Towards a better understanding of marine ecosystems dynamics: Northeast Atlantic mackerel
Pelagic stocks in the North-East Atlantic is a vital food source with many coastal states benefitting from the abundance of species such as mackerel, herring and blue whiting.
Understanding where these stocks come from, what they feed on, where they breed and where they migrate is of vital importance to manage future fisheries and the International Council for the Exploration of the Seas (ICES) helps our understanding of these essential fish.
Several ICES expert groups focus on understanding ecosystem functioning as a vital part of integrated ecosystem assessment, including the Working Group on the Integrated Assessments of the Norwegian Sea (WGINOR).
Established in 2013, the group began by identifying major components of the physical environment and the biological environment. This included compiling data of current status and changes over time and performing quantitative analyses of time series searching for trends in ecosystem status over time.
The expansion of mackerel distribution has resulted in international disputes over sharing fishing opportunities. New nations have entered the fishery following the expansion of mackerel into their exclusive economic zones, creating conflict with traditional mackerel fishing nations. The dispute has not yet been solved and mackerel is fished above the advised amount.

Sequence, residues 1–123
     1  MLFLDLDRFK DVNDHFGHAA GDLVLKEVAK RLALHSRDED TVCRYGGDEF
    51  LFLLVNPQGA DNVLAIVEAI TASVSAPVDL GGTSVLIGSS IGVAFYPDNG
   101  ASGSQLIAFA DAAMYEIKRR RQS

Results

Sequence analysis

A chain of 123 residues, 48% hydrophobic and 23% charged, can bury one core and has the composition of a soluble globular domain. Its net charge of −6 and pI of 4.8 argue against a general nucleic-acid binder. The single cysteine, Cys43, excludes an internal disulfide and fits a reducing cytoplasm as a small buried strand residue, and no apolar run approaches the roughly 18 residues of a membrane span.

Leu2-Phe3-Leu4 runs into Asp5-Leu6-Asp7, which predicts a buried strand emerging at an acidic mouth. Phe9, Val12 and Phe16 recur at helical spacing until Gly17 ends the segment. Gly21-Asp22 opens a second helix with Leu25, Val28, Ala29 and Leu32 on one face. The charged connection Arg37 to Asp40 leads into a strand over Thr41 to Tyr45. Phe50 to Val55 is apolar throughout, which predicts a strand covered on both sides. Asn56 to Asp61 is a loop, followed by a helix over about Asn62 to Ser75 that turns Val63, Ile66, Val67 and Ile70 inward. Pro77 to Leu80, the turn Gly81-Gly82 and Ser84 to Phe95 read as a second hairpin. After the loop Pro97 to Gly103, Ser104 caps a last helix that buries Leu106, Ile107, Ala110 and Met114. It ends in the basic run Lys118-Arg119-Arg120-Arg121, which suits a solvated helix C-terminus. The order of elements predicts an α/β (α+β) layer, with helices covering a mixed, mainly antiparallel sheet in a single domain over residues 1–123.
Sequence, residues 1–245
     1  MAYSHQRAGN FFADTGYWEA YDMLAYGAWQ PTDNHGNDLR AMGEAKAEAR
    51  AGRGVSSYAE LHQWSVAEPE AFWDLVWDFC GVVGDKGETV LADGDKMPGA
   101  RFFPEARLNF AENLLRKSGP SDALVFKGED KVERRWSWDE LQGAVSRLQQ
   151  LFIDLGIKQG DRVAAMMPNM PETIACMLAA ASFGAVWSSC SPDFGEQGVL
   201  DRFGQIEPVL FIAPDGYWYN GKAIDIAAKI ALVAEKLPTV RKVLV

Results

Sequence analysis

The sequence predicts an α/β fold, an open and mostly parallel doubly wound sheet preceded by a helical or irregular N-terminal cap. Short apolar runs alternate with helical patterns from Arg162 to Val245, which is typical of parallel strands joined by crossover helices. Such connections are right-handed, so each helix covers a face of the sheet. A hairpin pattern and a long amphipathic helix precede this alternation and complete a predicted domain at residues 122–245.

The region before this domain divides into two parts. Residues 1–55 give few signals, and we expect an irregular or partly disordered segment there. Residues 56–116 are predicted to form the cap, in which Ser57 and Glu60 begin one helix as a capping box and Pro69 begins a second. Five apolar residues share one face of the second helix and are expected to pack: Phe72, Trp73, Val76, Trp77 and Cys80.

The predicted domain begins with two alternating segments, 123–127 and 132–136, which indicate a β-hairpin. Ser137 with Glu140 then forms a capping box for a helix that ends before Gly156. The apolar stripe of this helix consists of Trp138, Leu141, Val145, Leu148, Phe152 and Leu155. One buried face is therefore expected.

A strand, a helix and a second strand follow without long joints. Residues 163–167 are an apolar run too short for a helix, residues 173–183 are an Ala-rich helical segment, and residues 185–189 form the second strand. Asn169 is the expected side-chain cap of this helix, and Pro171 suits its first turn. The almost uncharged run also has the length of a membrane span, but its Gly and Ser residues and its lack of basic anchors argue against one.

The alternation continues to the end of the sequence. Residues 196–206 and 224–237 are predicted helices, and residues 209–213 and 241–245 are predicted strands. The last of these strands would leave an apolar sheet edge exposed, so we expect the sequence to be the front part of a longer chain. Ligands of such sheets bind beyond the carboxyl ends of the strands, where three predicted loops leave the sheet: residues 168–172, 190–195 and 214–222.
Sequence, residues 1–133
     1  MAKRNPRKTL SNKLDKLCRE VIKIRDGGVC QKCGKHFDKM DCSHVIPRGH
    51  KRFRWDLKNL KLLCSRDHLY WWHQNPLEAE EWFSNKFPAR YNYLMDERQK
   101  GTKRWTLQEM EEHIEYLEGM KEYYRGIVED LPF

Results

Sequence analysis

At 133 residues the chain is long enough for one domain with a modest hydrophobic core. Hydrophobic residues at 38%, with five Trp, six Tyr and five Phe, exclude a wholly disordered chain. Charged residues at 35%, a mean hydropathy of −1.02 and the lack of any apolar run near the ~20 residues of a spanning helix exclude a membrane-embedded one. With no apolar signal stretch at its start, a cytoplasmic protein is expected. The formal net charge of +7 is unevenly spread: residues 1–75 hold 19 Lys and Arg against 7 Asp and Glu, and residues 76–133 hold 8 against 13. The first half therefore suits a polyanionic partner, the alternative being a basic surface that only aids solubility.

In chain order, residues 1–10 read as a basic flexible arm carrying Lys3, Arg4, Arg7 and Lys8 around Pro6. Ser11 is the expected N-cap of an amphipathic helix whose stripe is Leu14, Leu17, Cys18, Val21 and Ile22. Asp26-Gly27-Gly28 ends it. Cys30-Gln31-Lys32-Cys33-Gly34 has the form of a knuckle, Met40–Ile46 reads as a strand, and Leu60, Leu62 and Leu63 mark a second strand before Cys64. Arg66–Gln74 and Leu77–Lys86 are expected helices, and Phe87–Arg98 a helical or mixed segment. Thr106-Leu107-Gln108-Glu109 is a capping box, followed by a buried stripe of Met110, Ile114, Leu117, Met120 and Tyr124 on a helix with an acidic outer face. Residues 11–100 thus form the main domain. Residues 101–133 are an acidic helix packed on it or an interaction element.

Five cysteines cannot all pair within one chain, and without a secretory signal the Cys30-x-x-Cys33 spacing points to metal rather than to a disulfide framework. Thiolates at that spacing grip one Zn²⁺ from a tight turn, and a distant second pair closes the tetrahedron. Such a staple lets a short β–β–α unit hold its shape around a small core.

The expansion in mackerel’s summer distribution range was concurrent with the more than doubling of stock size. Directions of expansion were constrained by availability of preferred temperature (9–13°C) preventing mackerel from expanding into the cold polar waters of the Greenland Sea and instead expanding westward, in warm Atlantic waters, along the south coast of Iceland towards Greenland. Mesozooplankton abundance within habitats of preferred temperature was also a factor in mackerel distribution.
Distribution retraction in recent years coincides with a declining stock size but is not concurrent with changes in temperature or prey abundance. It is not understood why mackerel distribution in the westward area has drastically retracted compared to mackerel distribution in the Norwegian Sea. In 2019, temperature in the westward area was within the range preferred by mackerel, mesozooplankton abundance was similar or higher compare to years when mackerel was abundant in the area, and estimated spawning stock size had only declined 16% from peak abundance in 2014.
Further research on the unpredictable changes in mackerel summer feeding distribution is part of WGINORs current work. During the next few years, WGINOR will research the intrinsic details of mackerel seasonal migration movements, focusing on understanding the role of social learning, bioenergetic, and somatic condition of individuals. The research is a part of a project called “Strategic initiative for harvesting: Sustainable multi-species harvest from the Norwegian and adjacent ecosystems” which is funded by Institute of Marine Research, Norway. The international scientific network of WGINOR provides a platform to expand a national research project to an international venue which is important given the wide-ranging distribution of mackerel. Hopefully, better understanding of marine ecosystems and their intrinsic variability will create knowledge useful to solve international disputes such as the current one about the sharing of mackerel fishing opportunities.
The Working Group on the Integrated Assessments of the Norwegian Sea (WGINOR) aims to conduct and further develop integrated ecosystem assessments for the Norwegian Sea as a step towards implementing the ecosystem approach.